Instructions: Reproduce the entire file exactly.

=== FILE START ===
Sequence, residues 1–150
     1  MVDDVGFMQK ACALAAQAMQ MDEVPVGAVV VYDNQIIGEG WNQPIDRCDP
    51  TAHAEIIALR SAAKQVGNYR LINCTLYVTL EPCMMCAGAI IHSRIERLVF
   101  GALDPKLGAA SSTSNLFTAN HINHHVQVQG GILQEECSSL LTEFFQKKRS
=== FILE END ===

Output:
Sequence, residues 1–150
     1  MVDDVGFMQK ACALAAQAMQ MDEVPVGAVV VYDNQIIGEG WNQPIDRCDP
    51  TAHAEIIALR SAAKQVGNYR LINCTLYVTL EPCMMCAGAI IHSRIERLVF
   101  GALDPKLGAA SSTSNLFTAN HINHHVQVQG GILQEECSSL LTEFFQKKRS